Warner about to become Time-free—what does it mean for DC Comics?

Time Warner has found its magazine division all too quittable: after an unsuccessful attempt to sell off the print division which puts out Time, People, Sports Illustrated, it has decided to just split it off into its own business, and hope stock investors come along who like to look at glossy magazine. It’s a similar to the move Mr. Burns Rupert Murdoch pulled recently, splitting Fox into two divisions: The Fox Group, which includes movies and TV, and News Corp., which includes the newspaper division. It isn”t the first time Warners has divested itself of a pesky business division — the the last 10 years they’ve spun off Warner Music, AOL, Time Warner Cable, Warner Books and now their magazines.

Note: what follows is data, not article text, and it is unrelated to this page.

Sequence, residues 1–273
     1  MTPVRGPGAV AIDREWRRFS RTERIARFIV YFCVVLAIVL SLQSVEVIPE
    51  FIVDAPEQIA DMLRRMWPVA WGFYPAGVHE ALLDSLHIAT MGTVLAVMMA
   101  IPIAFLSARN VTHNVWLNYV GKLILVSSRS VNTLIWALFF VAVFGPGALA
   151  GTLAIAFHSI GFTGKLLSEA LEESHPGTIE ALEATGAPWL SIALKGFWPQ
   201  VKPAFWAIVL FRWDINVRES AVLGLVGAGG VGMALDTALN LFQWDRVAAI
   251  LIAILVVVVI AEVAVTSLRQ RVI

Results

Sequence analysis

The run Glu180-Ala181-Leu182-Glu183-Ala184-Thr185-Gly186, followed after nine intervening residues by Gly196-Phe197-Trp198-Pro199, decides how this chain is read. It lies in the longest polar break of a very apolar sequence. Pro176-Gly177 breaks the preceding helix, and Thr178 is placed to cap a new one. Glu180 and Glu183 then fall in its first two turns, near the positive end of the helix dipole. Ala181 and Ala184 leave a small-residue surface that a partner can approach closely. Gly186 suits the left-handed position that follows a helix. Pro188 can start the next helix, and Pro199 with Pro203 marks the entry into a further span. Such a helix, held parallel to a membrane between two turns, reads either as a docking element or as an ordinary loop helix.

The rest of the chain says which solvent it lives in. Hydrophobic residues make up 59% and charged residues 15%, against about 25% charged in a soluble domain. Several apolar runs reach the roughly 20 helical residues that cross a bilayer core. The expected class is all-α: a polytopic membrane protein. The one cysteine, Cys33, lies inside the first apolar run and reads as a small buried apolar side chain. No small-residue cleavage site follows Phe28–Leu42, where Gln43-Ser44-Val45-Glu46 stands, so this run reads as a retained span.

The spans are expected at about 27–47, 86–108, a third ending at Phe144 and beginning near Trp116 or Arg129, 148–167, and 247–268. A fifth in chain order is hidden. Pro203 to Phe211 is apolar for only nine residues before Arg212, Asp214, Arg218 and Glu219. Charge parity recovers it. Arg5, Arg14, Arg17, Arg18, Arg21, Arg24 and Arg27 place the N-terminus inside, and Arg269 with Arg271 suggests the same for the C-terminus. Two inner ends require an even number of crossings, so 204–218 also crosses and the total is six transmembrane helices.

Time Warner chairman-CEO Jeff Bewkes is fully absorbed in the challenges of making and managing content in a rapidly changing video market. He said the newly streamlined Time Warner will now be able to focus entirely on its television networks, film and TV production business. He said the decision to initiate a split came “after a thorough review of options” and “will provide strategic clarity for Time Warner.” Time “will also benefit from being a standalone public company able to attract a more natural stockholder base,” meaning investors who like the magazine business.

Translation: “By leaving the baby in a sack along the road, it will learn valuable skills of independence.” As harsh as it sounds the magazine division just wasn’t a huge profit center, accounting for a mere $3.4 billion of Warner’s $28.7 billion 2012 revenue, on operating revenue was $420 million. A couple of people have written here in wondering what’s to become …read more Via: The Beat

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